Breast cancer – common cause of death in Hispanic females
Breast cancer is the most common cancer in women regardless of your race and ethnic background. It is also the most common cause of death from cancer in Hispanic females, second most common cause of death from cancer in white, black and asian/pacific islander females. Average age of breast cancer diagnosis in women is 61. Yes, breast cancer can happen in men,usually diagnosed between ages 60 – 70 years.
What are the risk factors of breast cancer?
- Heavy alcohol consumption – more than one serving per day.
- Taking birth control pills – adds additional estrogen exposure.
- Early menarche (young girls as young as 8 years of age are reaching menarche, I thought normal was 12)
- Late menopause
- Low intake of fruits of vegetables
- Exposure to radiation
- Sedentary life style
As you all know by now I am a firm believer in primary prevention. I understand that breast cancer has genetic vulnerability however the environment pulls the trigger. Like many cancers breast cancer is interplay of genes, , radiation and poor lifestyle choices. We know pro-inflammatory diet is linked to early menarche and now breast cancer, So what can we do about 8 year old’s going thru menarche? We also know obesity is a significant risk factor? Recent study published in American Association of Cancer Research suggests pro inflammatory diets such as consumption of processed foods, sugar-sweetened drinks, diet soft drinks, margarine in adolescents have been linked to increased risk of pre-menopausal breast cancer.Start talking to your children about importance of diet, lifestyle and chronic health conditions. My five years old tells me he is eat lettuce when he is grows up, but for now I like pizza. Or sometimes he will ask me about his food choices by saying “mommy did I make a healthy choice” I am constantly negotiating the food choices with them and teaching them the importance of eating their fruits and vegetables.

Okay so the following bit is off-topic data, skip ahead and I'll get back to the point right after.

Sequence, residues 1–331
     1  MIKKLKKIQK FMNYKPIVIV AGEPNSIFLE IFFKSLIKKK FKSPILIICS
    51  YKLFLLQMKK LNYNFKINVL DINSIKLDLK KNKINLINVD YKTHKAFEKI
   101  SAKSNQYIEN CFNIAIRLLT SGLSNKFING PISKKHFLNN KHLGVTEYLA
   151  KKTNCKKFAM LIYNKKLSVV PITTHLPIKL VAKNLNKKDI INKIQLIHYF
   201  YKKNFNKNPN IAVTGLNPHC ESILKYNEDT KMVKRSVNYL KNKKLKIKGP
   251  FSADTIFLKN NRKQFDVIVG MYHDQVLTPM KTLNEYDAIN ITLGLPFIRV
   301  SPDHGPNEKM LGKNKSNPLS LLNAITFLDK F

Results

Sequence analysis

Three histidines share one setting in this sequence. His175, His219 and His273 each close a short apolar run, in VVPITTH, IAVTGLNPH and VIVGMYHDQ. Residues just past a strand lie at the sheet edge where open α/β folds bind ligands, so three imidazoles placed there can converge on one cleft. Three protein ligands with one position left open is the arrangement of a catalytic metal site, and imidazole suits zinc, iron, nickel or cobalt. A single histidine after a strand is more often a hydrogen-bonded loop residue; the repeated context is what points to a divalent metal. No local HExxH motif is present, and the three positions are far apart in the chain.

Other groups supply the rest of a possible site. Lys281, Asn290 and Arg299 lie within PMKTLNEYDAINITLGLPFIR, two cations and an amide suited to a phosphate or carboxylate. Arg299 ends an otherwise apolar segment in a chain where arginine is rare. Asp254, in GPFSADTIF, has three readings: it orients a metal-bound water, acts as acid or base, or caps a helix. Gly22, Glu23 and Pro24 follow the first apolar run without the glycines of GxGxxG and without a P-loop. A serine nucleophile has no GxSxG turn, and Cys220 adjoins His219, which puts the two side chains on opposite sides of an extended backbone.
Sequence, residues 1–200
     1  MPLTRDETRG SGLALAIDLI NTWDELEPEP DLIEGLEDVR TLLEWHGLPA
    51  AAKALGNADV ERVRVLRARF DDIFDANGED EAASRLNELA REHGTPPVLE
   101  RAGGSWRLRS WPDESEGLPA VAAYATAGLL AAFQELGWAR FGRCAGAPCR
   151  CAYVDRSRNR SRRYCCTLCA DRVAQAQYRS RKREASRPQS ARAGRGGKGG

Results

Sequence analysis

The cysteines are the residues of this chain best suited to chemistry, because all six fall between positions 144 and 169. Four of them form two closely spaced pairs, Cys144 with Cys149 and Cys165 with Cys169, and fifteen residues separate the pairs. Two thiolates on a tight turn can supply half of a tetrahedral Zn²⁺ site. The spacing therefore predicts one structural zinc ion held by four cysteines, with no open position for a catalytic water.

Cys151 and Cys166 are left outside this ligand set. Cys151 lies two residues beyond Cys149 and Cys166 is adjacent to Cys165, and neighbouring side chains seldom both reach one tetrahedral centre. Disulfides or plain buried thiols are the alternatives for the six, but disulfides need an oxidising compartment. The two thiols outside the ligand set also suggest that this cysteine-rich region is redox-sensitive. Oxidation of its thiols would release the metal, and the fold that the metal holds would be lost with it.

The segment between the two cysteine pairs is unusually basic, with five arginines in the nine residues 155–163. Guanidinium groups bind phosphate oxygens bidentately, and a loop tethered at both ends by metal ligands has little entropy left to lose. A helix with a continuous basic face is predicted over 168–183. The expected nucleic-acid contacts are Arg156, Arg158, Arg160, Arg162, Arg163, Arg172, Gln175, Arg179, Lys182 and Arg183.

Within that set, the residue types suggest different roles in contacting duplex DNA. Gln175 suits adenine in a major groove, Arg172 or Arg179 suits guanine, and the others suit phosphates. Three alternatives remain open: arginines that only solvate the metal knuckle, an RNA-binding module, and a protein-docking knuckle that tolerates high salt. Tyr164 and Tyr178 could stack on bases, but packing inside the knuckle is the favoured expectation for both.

Here are some recommendations therapeutic lifestyle prescription, these are not specific to breast cancer prevention, but can be applied to any chronic medical condition. Key to lifestyle changes is to start slow, make micro goals which eventually become macro. Please feel free to share with your friends or family or on your social media page.
Exercise – 3 hours per week
Eat plant based foods particularly vegetables rich in cruciferous such as broccoli, cauliflower, brussels sprouts, cabbage, kale.
Follow anti-inflammatory diet such as Mediterranean diet.
Avoid red meats.
Avoid processed or fast foods
Add fatty fish to your diet
Drink tea at least three times per day
Optimize Vit D levels
Maintain a spiritual practice such as mindfulness, meditation, yoga.
Strengthen your relationship with friends and family.